Stewing hens for PHP10 each anyone?! A week earlier, on November 10, 2013, less than 48 hours after Typhoon Yolanda hit Bantayan island, our Zubuchon GM riding with a GMA Foundation convoy, managed to reach the island aboard one of the first ferries from the mainland. They were one of the first, if not the first, food aid to arrive from the main island of Cebu. The landscape on Bantayan looked literally wiped out. And food was in short supply. And after that visit, which took hours in travel due to the bottleneck at the ferry, we KNEW WE WANTED TO GO BACK FOR A SECOND PASS TO BRING A LOT MORE aid packages. So a week later, we set off on another convoy, this time armed with a ten-wheeler truck donated by a kind soul, and packed in over 2500+ aid packages from marketmanila readers and other donors.
The convoy left Cebu City at 1am on Saturday, 16 November 2013, to avoid the idiotic truck bans and traffic in Liloan, Mandaue, etc. and got to the pier in Hagnaya in San Remigio before dawn. They would queue with dozens of other vehicles, many filled with aid, others private cars with concerned relatives, and the scene was a bit chaotic. No tickets for vehicles were being given out, no schedules for ferries firmed up, no indication of when the convoy might be able to make the crossing. They waited hours… breakfast passed… hours longer… lunch passed… previous and current government officials drove up and cut into the line (several with no aid in tow, as if their presence alone was enough), and finally, late afternoon, the convoy made it across, landing on the island at about 6pm (a nearly 17 hour trip that the week before was done is say half the time and that was two days after the storm!), after the sun had set and pitch darkness engulfed the island with the exception of an odd generator here and there.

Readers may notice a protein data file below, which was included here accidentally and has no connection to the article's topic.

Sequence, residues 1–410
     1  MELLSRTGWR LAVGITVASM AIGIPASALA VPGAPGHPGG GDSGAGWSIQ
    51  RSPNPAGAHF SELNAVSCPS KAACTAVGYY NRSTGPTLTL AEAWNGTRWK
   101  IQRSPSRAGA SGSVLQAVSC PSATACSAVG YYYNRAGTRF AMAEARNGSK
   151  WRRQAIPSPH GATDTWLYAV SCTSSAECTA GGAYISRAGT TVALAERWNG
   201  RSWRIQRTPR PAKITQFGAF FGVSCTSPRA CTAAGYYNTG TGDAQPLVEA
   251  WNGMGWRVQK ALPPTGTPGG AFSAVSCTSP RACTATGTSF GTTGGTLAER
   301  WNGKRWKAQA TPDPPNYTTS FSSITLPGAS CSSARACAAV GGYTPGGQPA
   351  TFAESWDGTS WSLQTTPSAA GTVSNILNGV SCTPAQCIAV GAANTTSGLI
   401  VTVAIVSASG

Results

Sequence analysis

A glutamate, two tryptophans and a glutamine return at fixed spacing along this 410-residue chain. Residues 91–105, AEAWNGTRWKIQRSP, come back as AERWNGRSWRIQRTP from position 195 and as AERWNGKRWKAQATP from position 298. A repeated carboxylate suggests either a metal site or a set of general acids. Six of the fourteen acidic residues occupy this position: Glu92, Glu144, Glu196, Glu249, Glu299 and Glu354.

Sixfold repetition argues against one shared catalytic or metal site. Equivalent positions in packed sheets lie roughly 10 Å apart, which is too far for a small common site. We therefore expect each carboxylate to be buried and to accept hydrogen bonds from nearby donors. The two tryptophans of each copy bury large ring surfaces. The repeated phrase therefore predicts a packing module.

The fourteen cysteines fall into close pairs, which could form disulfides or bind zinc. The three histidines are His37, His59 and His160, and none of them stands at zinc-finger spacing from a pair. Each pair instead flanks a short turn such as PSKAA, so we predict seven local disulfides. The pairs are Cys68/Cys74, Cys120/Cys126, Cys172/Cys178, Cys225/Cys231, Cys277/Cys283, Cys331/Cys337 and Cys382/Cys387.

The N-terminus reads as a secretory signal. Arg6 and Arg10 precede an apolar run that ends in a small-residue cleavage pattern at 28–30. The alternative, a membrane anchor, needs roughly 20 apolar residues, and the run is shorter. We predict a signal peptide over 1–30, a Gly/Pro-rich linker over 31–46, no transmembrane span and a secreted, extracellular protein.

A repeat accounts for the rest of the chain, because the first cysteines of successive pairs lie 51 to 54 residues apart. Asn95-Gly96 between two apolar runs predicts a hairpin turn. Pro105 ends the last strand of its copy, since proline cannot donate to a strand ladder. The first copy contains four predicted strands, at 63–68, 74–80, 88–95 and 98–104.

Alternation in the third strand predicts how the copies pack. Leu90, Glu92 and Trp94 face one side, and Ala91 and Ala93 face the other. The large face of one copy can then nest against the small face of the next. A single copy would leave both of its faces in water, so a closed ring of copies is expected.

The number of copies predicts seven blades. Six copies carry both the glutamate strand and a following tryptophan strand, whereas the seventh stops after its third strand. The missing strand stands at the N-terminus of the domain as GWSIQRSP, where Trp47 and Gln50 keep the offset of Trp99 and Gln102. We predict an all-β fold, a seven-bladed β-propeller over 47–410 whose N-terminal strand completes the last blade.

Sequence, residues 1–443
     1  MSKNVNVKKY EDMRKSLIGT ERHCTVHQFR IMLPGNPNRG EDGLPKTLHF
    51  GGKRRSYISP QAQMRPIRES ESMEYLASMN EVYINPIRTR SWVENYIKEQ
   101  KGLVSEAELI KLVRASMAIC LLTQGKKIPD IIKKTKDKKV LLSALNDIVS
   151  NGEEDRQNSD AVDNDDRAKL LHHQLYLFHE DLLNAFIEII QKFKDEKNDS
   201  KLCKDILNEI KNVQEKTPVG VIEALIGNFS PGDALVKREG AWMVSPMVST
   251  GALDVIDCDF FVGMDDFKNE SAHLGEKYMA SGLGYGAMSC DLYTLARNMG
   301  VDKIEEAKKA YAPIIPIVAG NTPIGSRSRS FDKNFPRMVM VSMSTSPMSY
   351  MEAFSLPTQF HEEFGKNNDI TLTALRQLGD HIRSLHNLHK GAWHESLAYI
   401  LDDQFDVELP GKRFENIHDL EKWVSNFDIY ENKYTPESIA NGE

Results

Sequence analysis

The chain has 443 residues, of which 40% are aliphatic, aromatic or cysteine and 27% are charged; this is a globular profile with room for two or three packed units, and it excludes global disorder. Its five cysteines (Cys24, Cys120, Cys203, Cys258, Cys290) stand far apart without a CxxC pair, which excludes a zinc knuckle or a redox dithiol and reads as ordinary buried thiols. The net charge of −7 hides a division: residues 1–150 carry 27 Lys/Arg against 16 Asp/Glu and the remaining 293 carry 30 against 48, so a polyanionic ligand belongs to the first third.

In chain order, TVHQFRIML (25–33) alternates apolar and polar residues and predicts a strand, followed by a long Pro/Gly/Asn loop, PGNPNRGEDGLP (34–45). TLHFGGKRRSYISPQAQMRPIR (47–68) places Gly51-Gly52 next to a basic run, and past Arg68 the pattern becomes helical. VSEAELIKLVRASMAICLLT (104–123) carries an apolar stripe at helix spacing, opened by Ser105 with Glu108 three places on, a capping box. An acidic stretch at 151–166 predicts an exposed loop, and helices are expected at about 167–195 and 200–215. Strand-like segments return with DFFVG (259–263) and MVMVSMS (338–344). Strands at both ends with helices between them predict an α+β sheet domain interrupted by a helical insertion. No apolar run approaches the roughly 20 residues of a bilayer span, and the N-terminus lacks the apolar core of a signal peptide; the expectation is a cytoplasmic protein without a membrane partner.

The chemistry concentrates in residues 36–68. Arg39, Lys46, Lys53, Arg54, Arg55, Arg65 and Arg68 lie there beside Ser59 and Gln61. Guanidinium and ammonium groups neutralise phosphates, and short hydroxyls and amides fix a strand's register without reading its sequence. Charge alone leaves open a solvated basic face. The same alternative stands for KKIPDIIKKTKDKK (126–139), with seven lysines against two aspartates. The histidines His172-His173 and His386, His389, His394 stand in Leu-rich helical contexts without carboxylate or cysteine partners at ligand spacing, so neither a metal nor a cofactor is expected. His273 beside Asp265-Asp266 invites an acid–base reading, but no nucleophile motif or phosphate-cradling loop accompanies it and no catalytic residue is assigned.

Right beside the convoy was a truck laden with German medical kits and their own generator. They too were made to wait nearly half a day. So neither first come, first serve…nor medical and food aid…nor other obviously simple prioritization protocols were in place, and that was 8 days after the storm! Where was the logic and local government hand in this? I wish the crew had taken photos of the previous government officials filled with self-importance cutting line — I would have published the photos for everyone to see. And this scene would be repeated on several occasions on the ferries to Ormoc from Cebu as well…based on information from folks we know who also did that crossing. People don’t want us to criticize the government for idiotic examples of behavior such as these? THEN CUT IT OUT THE IDIOTIC AND EASILY RECTIFIED SITUATION TO BEGIN WITH. I can understand the current Governor or other aid officials cutting line, I really can, if they are headed to the island to do more important things… but PREVIOUS OFFICIALS with no current role in government riding in fancy SUV’s? Folks like that should be shot while we sit atop medical supplies and food for thousands of hungry people… SHAME on them.